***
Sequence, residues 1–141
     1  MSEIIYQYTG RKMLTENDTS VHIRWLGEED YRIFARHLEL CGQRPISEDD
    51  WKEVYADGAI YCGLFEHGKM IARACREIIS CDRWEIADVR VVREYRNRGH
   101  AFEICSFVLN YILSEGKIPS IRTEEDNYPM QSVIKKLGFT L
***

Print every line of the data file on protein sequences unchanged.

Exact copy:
Sequence, residues 1–141
     1  MSEIIYQYTG RKMLTENDTS VHIRWLGEED YRIFARHLEL CGQRPISEDD
    51  WKEVYADGAI YCGLFEHGKM IARACREIIS CDRWEIADVR VVREYRNRGH
   101  AFEICSFVLN YILSEGKIPS IRTEEDNYPM QSVIKKLGFT L